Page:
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Mark Bils named fellow of the Econometric Society

January 10, 2018
Mark Bils

Mark Bils, the Hazel Fyfe Professor in Economics. (University of Rochester photo / J. Adam Fenster)

Mark Bils, has been elected a fellow of the Econometric Society, an international organization dedicated to advancing economic theory in its relation to statistics and mathematics.

Bils, the Hazel Fyfe Professor in Economics, is one of 20 fellows named to the society in 2017, and the fourth member of Rochester’s economics department to be inducted into the society, following Ronald Jones (1971), William Thomson (1990), and Narayana Kocherlakota (2005).

Bils’s work has focused on how wages and prices respond to the business cycle, and the repercussions this has for fluctuations in employment. Bils has also studied the role of schooling in explaining a country’s economic growth and has work measuring the economic impact of new and better consumer products.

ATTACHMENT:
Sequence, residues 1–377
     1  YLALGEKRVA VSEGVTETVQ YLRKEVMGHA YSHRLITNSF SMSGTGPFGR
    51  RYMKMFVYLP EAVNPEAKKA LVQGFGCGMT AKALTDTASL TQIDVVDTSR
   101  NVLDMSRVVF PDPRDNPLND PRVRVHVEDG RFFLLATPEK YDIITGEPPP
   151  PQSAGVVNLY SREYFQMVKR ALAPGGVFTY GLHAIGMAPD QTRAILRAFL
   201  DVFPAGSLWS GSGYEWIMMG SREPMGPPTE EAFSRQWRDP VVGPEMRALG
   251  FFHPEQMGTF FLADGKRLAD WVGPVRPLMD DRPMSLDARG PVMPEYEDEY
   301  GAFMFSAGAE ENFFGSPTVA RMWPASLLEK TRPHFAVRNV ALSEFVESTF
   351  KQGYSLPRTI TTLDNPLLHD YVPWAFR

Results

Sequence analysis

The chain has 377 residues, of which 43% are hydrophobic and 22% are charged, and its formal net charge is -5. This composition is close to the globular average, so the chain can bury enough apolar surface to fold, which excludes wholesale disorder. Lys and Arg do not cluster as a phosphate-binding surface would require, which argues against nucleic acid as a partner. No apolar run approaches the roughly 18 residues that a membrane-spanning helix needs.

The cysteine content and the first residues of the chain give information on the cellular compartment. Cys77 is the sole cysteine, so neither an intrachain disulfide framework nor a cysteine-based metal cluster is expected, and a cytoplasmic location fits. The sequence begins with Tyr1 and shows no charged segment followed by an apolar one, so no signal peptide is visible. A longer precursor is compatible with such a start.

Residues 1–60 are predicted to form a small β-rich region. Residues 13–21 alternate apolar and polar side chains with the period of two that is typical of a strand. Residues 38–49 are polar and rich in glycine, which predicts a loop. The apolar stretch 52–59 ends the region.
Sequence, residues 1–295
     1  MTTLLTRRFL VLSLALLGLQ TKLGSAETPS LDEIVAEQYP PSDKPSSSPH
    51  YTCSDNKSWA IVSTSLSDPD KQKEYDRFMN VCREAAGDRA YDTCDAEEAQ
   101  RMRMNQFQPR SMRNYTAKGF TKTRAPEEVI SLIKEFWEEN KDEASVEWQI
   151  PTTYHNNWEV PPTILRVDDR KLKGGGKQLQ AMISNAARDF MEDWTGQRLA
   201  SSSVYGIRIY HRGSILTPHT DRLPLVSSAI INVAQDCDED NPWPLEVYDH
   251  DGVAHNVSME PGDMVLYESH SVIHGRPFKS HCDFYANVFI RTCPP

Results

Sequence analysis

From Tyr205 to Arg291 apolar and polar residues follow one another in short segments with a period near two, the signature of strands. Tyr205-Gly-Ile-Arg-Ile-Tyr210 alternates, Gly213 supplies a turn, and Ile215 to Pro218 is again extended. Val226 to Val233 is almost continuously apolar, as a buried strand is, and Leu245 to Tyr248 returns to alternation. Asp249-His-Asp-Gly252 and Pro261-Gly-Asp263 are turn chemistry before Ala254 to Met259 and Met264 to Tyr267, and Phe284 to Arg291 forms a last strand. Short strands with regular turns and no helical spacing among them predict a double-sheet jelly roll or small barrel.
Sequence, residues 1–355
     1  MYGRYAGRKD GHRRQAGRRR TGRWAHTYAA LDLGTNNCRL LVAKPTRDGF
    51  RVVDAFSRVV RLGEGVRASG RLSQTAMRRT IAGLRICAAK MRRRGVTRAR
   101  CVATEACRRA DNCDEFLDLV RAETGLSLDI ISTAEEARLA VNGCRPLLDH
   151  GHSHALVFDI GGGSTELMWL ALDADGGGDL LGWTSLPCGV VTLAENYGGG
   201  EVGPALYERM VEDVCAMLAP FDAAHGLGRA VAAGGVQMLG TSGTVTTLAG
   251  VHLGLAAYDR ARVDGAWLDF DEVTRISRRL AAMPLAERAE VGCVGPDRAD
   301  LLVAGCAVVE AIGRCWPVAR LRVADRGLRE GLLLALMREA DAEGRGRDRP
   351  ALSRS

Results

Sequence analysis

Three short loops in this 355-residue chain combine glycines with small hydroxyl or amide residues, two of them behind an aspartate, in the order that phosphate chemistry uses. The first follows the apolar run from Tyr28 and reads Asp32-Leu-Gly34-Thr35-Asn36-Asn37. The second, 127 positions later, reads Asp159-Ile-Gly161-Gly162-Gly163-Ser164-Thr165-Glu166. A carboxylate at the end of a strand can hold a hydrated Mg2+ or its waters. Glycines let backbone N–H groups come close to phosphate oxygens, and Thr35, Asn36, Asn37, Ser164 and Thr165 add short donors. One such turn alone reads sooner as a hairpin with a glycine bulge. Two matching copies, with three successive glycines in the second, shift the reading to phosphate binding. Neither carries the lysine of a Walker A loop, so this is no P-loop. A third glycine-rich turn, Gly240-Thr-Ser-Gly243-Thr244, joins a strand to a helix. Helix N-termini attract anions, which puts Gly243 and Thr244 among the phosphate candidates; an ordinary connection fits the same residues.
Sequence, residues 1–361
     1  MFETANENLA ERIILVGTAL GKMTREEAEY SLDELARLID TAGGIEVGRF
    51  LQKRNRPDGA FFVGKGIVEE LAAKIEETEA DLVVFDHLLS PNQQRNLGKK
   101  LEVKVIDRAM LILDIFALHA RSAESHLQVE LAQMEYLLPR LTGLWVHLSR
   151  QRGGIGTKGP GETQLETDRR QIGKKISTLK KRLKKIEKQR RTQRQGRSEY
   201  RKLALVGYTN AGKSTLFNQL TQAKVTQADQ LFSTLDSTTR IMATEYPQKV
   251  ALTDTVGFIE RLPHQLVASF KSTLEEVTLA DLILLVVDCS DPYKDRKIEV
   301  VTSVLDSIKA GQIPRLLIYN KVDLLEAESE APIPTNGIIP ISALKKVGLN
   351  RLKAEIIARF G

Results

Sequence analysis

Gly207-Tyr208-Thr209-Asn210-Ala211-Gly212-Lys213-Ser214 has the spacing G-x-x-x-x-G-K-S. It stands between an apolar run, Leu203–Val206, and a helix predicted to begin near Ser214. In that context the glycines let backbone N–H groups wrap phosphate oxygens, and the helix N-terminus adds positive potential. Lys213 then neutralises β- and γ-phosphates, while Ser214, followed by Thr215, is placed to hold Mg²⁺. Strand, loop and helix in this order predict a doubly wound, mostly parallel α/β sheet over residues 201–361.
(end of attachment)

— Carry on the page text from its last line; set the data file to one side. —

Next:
Among his most recent projects is a study published last June exploring the reasons working hours among young males (ages 21-30) dropped during the 2000s. Bils—along with economists Erik Hurst, Mark Aguiar, and Kerwin Charles—found a correlation between a decline in working hours and an increase in leisure time.

“In fact, the correlation in those hours was almost one for one,” says Bils. “And 80 percent of the increased leisure time hours was spent on video games and recreational computer use.”

In a forthcoming paper in the American Economic Review, Bils and coauthors Pete Klenow and Ben Malin ask what drives down employment and hours during recessions.

“It’s not because wages fail to decline,” says Bils. “The drop in hours for wage and salaried workers is comparable to the drop in hours for the self-employed.  And there is no wage bargaining, or “wage stickiness”, for the self-employed. We also see that the decline in demand for labor hours is mirrored for other firm inputs—including intermediate inputs of all type.”

A graduate of Ohio State University, Bils earned his PhD in economics from MIT, and joined the University of Rochester faculty in 1985.

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